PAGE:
# AVR Random Number Generator

I've read an appnote from TI (slaa338) that describes a technique for generating "for real" (as opposed to "pseudo") random numbers. It exploits the somewhat exotic clock subsystem of the MSP430 to achieve this goal. Does anyone know of a technique that can be implemented on an AVR (I'm interested in the XMega's in particular) for generating "for real" random numbers?

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psuedo random works for dice games. I think he wants cryptographically secure. – Kortuk Jul 21 '10 at 19:19
Can you give a hint as to the application and/or the degree of randomness that you require? If it's for cryptography, there are additional considerations besides just the seed quality. Some of the suggestions already made-- like sampling environmental inputs of various types may or may not be appropriate based on your requirements. – Windell Oskay Jul 22 '10 at 6:08

How bad do you to use the XMega? If the crypto and random number generation are a big part of your project, Atmel's SecureAVR series has a hardware random number built in, and is designed for cryptographic applications.

Regardless, I doubt that you'll find a random seed source that has a good distribution. You'll want to run it through a pseudo random number generator a few times As long as you start with a different seed every time, this will give you a nice set of random numbers. An LGC is a quick and easy pseudo random generator:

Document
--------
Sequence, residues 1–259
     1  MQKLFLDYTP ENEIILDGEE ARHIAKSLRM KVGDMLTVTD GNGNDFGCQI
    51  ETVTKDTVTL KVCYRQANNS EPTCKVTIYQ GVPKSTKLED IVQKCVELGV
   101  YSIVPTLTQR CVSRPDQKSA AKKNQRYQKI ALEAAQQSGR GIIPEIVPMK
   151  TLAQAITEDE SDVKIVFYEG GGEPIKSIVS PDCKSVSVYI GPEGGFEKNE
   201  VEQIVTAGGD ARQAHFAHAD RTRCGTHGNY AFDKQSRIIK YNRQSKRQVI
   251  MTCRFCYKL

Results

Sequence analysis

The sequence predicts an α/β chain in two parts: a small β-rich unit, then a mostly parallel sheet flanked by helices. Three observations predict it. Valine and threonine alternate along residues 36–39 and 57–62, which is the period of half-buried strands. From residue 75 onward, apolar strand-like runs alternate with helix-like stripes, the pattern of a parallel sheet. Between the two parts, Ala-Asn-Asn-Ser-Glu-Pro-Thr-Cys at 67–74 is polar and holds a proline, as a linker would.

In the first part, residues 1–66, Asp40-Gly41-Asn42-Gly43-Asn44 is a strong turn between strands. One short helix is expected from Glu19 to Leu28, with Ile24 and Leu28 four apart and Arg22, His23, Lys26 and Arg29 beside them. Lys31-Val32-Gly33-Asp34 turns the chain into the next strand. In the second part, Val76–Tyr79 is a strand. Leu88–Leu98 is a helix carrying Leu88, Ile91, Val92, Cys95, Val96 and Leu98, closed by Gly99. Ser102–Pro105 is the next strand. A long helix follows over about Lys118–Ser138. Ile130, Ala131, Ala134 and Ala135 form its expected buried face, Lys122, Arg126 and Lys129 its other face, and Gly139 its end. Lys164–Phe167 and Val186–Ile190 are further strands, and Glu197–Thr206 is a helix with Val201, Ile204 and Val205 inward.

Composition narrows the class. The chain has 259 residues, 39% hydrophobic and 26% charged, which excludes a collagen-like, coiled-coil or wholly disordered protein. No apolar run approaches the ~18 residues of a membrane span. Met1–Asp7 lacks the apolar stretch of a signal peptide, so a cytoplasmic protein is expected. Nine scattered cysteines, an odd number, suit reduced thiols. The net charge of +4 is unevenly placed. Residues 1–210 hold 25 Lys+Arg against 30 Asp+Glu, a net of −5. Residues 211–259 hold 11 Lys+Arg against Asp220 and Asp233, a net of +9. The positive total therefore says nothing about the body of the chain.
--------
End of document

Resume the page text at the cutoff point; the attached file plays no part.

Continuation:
static unsigned long Seed;

/* Call before first use of NextVal */
unsigned long InitSeed()
{
//Your code for random seed here

// Correct distribution errors in seed
NextVal();
NextVal();
NextVal();
return NextVal();
}

/* Linear Congruential Generator
* Constants from
* "Numerical Recipes in C"
* by way of
* <http://en.wikipedia.org/wiki/Linear_congruential_generator#LCGs_in_common_use>
* Note: Secure implementations may want to get uncommon/new LCG values
*/
unsigned long NextVal()
{
Seed=Seed*1664525L+1013904223L;
return Seed;
}

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 Thatis awesome, I didn't realize the SecureAVR line existed, thanks for the pointer! – vicatcu Jul 22 '10 at 15:12 BTW: If you REALLY need security, the simple, effective, and fast LCG method I presented isn't what you want: Many LCGs can be broken; just get 2-3 values in a row, and plug them into an LCG generator with a set of known constants - this would include everything on the Wikipedia page. A matching pattern will let the attacker predict what the next number will be. It's possible (but harder) to figure out what the constants are from nothing, as well. – Kevin Vermeer Jul 22 '10 at 15:41 @reemrevnivek FYI, Atmel is selling off their SecureAVR line... they recommend their ARM-based 32-bit processors if you want cryptographic stuff which is a whole different ballgame in terms of development environment from AVR. They do have a couple with True RNGs on them though, maybe I'll play with them some day. – vicatcu Aug 5 '10 at 21:24

Connect up the ADC to a hardware noise source and use software to "whiten" the random numbers as needed.